The Pi Zero Drone Part 2: Construction of the Frame

With the correct thrust calculations from the Gartt 2300KV motors being done. I can now begin the design of the quadcopter. I would like to include that I have no real quadcopter experience other than cheap micro-copters and have spent a lot of time breaking props and arms with those. Any information from design has been from online sources in forums and experience in engineering projects from classes and extra-curricular clubs. This would be a great build for anyone excited about learning new skills and not afraid to break a couple of plastic parts along the way.

All the design work has been made in Solidworks 2015. My goal was to design a quadcopter under 400 grams made from PLA and ABS parts. Here is the final assembly (not including electronics)


Note that all parts are connected by slots that will be glued into place when construction is finished.

Now let me explain the “brains” of the operation, the PXFmini Raspberry Pi shield from Erle Robotics. This shield is marketed as an autopilot shield that uses the Raspberry Pi’s Linux-based processing. It is perfect for making robots and drones. This shield offers official access to Robot Operating Systems (ROS) with access to the app store.  The shield fits nicely over the Pi Zero but can be used on most models from the Raspberry Pi family. Once the shield is shouldered into place, flash Erle Robotics Debian image that is a one click stop for the Erle-Copter software that will run the drone.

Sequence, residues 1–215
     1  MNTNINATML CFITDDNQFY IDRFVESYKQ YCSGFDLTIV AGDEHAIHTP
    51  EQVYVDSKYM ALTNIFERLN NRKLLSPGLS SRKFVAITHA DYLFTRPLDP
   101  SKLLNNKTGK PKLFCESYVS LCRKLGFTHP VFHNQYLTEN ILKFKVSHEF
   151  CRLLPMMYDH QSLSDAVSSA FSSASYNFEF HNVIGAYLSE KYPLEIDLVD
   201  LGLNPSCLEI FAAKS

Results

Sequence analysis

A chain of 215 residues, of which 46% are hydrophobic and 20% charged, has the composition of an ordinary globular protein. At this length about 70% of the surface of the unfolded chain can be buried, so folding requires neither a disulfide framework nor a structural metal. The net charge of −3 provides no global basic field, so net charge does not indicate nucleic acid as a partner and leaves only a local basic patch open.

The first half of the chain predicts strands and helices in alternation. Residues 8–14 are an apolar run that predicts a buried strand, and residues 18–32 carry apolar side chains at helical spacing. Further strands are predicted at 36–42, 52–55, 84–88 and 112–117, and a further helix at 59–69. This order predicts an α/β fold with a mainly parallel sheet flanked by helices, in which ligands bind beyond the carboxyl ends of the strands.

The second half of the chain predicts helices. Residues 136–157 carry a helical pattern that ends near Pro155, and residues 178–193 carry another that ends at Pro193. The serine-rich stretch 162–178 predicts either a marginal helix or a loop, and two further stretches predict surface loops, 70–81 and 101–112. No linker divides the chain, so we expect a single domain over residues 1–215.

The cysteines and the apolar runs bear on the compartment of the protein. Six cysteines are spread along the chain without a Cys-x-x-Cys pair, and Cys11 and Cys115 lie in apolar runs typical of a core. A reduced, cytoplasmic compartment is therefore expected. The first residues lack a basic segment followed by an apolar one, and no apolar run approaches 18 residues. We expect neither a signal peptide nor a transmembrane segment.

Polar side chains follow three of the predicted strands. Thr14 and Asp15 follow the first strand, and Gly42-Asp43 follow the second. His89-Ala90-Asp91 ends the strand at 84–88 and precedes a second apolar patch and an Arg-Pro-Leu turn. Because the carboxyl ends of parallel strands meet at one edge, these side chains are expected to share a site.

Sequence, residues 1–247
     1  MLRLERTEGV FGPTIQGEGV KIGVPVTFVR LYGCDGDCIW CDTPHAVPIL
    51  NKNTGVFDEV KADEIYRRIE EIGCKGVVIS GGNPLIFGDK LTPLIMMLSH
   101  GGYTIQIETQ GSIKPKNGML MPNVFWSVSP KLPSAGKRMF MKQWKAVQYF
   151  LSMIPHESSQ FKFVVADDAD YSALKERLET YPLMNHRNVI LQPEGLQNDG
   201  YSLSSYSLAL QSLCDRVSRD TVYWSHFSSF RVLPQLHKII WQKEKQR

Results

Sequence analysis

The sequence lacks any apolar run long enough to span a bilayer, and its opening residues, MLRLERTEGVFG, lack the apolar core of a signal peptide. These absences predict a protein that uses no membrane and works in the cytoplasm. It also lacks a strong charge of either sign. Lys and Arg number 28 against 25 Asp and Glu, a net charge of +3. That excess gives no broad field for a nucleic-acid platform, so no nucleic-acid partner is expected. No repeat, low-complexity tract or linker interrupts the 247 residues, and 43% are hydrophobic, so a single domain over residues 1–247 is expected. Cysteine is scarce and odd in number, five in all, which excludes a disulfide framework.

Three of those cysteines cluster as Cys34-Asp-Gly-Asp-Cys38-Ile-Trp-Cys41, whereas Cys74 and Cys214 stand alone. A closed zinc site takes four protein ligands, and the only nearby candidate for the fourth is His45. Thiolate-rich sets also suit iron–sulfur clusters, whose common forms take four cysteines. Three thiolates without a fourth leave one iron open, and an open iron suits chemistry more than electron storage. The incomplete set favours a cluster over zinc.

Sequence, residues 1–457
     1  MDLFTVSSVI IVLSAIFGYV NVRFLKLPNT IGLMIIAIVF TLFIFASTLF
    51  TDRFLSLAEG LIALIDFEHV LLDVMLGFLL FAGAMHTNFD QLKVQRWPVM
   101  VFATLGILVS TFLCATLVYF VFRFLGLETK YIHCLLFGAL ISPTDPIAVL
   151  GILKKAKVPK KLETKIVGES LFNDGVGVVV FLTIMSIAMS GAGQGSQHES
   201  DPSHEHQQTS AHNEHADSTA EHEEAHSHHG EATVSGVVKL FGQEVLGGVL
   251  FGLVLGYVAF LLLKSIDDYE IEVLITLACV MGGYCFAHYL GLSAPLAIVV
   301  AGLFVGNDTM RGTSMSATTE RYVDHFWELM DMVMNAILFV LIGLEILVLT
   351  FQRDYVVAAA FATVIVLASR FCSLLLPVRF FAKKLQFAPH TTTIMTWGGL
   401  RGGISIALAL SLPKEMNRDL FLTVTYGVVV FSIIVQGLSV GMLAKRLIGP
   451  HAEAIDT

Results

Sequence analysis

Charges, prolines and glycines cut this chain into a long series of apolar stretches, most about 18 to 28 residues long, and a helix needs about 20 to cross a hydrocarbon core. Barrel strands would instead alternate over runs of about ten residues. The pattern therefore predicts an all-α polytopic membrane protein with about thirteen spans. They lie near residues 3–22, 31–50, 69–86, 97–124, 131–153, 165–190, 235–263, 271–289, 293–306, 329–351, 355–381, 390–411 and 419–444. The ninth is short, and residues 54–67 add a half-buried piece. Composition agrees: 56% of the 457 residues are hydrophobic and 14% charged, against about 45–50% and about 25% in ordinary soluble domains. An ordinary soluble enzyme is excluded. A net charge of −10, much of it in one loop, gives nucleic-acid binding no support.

Two 12C ports are available for sensor readings along with 8 PWM output channels and 1 PPM-Sum Input Channel to control the quadcopter via remote control. These are where the ESCs will connect. My first goal is to control the quadcopter with remote control then I will move to the autopilot settings using Mission Planner and APM software to control the rotors. 

Michael Perry

No comments:

Post a Comment